Following graduation, I completed a postgraduate diploma with the Chartered Institute of Personnel and Development. Since then I have worked in HR in a variety of different sectors including banking, local government and retail. My current role is International HR Director for a B2B technology company that provides expertise in transaction processing. I manage a team of 30 HR professionals providing services to team members in 11 countries. History at Lancaster was wonderful and the quality of teaching from the tutors was outstanding especially from Alan Wood, Martin Blinkhorn and Alan Warburton. As well as enjoying my subject I also learned valuable transferable skills such as: the ability to make sense of vast amounts of contradictory information practical research skills the ability to formulate winning arguments and how to communicate these effectively an appreciation of the factors that have contributed to a country's cultural identity the ability to read really fast ... still a major contributing factor to my work life balance Fundamentally, history sparked an interest in why people do things and this is a continuing theme in my daily work in HR.

Helen Brockington, Personnel Manager (graduated 1985)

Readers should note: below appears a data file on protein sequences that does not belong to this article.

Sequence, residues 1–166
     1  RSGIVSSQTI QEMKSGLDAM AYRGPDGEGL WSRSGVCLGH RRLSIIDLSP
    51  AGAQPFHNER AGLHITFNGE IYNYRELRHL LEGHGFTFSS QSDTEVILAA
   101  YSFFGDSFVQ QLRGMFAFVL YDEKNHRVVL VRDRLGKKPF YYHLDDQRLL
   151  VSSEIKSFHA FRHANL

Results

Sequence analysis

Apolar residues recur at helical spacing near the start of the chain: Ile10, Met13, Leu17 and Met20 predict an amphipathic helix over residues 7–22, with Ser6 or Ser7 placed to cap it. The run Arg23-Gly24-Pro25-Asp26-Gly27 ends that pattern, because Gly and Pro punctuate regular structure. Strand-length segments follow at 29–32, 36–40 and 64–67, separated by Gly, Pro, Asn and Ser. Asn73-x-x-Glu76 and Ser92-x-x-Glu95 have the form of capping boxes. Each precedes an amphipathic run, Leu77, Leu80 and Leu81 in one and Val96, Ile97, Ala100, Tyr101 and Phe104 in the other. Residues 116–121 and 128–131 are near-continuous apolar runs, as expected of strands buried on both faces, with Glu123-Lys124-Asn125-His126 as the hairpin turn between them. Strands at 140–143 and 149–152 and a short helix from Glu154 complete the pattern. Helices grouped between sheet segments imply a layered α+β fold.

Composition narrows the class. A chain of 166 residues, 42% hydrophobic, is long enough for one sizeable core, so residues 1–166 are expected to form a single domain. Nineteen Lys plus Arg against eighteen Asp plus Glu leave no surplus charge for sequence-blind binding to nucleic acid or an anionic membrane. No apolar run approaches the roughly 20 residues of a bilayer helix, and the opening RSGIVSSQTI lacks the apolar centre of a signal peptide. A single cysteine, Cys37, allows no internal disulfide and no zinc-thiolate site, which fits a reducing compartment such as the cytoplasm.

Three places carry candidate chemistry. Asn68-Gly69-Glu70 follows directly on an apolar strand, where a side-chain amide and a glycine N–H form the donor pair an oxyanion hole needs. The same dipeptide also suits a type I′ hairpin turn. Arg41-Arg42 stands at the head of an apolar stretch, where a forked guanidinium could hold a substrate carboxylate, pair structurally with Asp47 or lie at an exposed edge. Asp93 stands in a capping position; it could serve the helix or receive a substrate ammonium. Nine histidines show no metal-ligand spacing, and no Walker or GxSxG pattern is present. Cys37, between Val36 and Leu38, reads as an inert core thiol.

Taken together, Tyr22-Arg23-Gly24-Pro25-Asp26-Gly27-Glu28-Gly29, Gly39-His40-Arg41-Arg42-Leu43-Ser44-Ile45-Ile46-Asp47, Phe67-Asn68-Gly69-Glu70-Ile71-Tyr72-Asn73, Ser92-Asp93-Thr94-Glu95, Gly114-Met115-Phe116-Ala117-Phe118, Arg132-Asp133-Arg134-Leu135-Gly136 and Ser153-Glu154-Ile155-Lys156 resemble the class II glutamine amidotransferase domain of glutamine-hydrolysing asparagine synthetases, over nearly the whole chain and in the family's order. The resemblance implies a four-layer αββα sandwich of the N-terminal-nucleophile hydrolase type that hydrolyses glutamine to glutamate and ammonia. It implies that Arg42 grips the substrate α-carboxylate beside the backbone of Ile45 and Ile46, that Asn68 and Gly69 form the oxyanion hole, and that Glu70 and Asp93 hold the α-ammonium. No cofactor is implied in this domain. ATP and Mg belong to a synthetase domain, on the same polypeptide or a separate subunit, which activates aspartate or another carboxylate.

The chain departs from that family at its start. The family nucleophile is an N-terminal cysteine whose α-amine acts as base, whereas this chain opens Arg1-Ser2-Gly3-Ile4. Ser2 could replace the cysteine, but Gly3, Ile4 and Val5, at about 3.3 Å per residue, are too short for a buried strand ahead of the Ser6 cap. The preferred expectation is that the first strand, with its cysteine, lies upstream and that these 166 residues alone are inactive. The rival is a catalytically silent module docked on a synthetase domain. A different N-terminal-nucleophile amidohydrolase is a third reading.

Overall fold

I remember well the gloom in the media, whilst I was reading History at Lancaster in the early 1980s. The frequently quoted statistics of large numbers of unemployed graduates. I was lucky that by the time I graduated in the mid 1980s the economy had started to pick up and employment prospects had improved.

My first job was great fun; helping to organise and run courses in conjunction with the British Council for Civil Servants from the developing world. I think the time I spent running the History Society at Lancaster was certainly helpful in obtaining the position; I was used to organising lecture programmes, activities and dealing with visiting lecturers. I got the opportunity to be a tour guide whilst accompanying my delegates on their tours of the UK – my knowledge of British History came in very handy!

I soon decided I would like to work in Personnel and was accepted by J Sainsbury plc to join a graduate training programme. After a short training programme I became a deputy Branch Personnel Manager. Sainsbury’s provided excellent in house training, and also sponsored us through a diploma in Labour Studies. I eventually left the retail sector and moved to an oil company where I became the Personnel Manager and a Chartered Member of the Institute.